cautiously welcomed the announcement by the Basque separatist group
Eta to declare a "permanent" ceasfire, following 38 years of bombings
and shootings in Spain.

Three hooded Eta members appeared on Spanish television to announce
the truce. One of the three, a woman, said the ceasefire was designed
to "drive the democratic process in the Basque country". Mr Zapatero
emphasised that a long-awaited peace process would be lengthy and

Every Spanish prime minister has harboured ambitions of bringing
lasting peace to the Basque country, but Mr Zapatero stands a better
chance than his predecessors.

In the course of violent struggle for an independent Basque state,
there have been six indefinite or temporary ceasefires and at least
two known attempts at peace negotiations – by Felipe González in
1989, in Algiers, and by José María Aznar in 1999, in Switzerland.

But after Eta's announcement on Wednesday of a "permanent ceasefire",
Spaniards are more optimistic about prospects for peace than at any
other time in the history of Basque separatism.

"I have the impression that this truce is more definitive than all of
Eta's previous ceasefires," says Edurne Uriarte, a Basque politics
professor who narrowly escaped an Eta assassination attempt in 2000.
"My main question at this stage is whether the government will agree
to political negotiations, and what prime minister Zapatero can offer
in exchange for peace."

Ms Uriarte's question goes to the heart of the difficulties of
establishing a Basque peace process. The ultimate goal of Eta, the
violent separatist group, is the establishment of an independent
state carved out of the Basque-speaking provinces in northern Spain
and southern France. But no government in Paris or Madrid would ever
agree to signing away its Basque-speaking territories, now or in the

Nor can Mr Zapatero entice Eta with the promise of home rule – like
Tony Blair did at the start of the Northern Ireland peace talks –
because the Basque country already enjoys an advanced degree of
self-government. Spain's three Basque provinces elect their own
parliament, collect their own taxes, and run their healthcare and
education systems and police force.

Alfredo Pérez Rubalcaba, leader of the ruling Socialist party in
parliament, said this week that peace talks with Eta would be limited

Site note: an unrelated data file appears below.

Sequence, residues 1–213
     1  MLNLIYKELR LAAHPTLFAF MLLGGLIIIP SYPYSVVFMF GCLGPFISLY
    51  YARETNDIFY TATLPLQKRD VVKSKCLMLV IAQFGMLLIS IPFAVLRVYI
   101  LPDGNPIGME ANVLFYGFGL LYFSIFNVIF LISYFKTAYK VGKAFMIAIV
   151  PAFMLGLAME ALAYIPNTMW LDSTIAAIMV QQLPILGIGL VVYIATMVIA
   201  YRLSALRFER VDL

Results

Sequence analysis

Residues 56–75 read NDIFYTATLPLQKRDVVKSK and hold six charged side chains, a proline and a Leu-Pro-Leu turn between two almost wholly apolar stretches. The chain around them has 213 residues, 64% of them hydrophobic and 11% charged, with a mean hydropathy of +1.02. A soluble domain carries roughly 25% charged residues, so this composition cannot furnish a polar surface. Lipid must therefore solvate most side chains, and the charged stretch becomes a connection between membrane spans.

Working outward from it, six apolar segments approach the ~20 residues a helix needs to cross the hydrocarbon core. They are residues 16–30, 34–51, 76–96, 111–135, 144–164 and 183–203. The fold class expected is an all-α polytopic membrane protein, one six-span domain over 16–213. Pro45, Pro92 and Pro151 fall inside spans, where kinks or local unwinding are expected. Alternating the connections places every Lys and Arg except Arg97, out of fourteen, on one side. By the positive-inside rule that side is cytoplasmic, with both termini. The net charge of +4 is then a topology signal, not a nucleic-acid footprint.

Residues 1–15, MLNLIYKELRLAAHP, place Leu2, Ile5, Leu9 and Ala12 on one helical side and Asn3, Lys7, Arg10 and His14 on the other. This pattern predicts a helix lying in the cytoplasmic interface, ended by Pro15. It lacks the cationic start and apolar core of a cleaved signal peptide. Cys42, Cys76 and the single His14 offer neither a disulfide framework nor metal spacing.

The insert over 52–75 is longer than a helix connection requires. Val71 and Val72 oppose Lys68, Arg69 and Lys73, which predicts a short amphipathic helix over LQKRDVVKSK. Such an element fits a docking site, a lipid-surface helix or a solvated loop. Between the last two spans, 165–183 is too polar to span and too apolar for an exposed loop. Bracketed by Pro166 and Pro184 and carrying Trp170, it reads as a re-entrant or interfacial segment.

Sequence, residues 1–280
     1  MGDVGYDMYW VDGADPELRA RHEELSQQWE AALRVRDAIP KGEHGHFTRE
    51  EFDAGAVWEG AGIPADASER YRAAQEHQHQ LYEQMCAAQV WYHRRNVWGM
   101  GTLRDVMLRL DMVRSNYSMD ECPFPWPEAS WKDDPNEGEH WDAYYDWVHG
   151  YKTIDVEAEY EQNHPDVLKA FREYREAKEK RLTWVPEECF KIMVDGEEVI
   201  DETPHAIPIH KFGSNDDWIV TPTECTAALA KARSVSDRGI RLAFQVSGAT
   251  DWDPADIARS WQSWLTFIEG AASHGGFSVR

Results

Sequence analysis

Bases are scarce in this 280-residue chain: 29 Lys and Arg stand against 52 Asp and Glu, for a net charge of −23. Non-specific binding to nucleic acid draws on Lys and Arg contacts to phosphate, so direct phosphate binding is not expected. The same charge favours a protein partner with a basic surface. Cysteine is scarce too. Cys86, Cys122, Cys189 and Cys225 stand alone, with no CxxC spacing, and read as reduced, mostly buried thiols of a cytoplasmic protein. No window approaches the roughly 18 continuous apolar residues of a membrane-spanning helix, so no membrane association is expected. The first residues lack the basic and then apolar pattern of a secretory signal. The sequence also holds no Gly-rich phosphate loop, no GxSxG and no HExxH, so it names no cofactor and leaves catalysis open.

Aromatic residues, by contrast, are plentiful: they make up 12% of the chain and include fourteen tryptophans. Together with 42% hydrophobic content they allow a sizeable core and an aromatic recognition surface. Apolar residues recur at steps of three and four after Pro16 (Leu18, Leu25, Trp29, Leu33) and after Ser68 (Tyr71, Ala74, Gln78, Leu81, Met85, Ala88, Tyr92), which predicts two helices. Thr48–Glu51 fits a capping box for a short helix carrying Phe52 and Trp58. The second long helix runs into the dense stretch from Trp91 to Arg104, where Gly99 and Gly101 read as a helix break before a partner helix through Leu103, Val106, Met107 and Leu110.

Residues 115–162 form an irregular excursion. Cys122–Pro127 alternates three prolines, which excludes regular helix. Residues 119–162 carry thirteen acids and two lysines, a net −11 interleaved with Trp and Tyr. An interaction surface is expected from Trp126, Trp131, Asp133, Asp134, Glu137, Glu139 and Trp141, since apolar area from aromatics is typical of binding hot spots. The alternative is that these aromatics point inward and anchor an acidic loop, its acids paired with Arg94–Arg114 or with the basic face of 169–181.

to two issues: when and where the separatist group would hand over
its weapons, and whether to allow Eta prisoners to serve their
sentences in Basque jails. At present, some 500 convicted Eta members
are deliberately dispersed throughout Spain to weaken prisoner
groups. A further 150 Eta members are serving time in France.

Some Eta prisoners – many of whom are serving consecutive life
sentences for murder – recently increased pressure on their leaders
to abandon the armed struggle. Six of Eta's jailed veteran members
were expelled from the organisation last year for publishing an open
letter calling for an end to the violence.

Kepa Aulestia, a Basque security analyst, says the prisoners had
become a big headache for Eta. "There are probably 10 jailed members
for every one in active service," he says. "That means supporting
some 700 families at a time when you are becoming less and less
effective as a terrorist organisation."

Analysts agree that the turning point for Eta came with the eruption
of Islamist terrorism in Spain, and the March 11, 2004, train
bombings in Madrid, which left 192 people dead and injured thousands.
"Eta cannot compete with Islamist extremism and the practice of
indiscriminate mass murder," Mr Aulestia says. "Al Qaeda consigned
Eta to irrelevance."

Even before the Madrid train bombings, Eta's effectiveness as a
terrorist group was fast declining. Close co-operation between France
and Spain, and the infiltration of Eta by Spanish undercover agents,
succeeded in paralysing the Basque separatist group. So much so that
Eta has been unable to kill anyone since May 2003, while more than
400 Eta suspects have been detained in France and Spain over the past
three years.

Eta's political influence in the Basque country was also severely
curtailed after Batasuna, the organisation's political wing, was
outlawed in 2002. Unable to field candidates in elections, Batasuna
lost an important source of patronage and income, in addition to the
bullying power it wielded in hundreds of municipal governments.

It is Batasuna's hope that peace talks will proceed quickly enough to
allow it to be legalised in time for next year's local elections in
the Basque country.

Copyright 2006 Financial Times

Posted on Wed, Mar. 22, 2006 
Basque group ends movement with cease-fire 
ALBERTO LETONA Associated Press

VITORIA, Spain - The Basque separatist group ETA announced a
permanent cease-fire Wednesday, ending a decades-long campaign of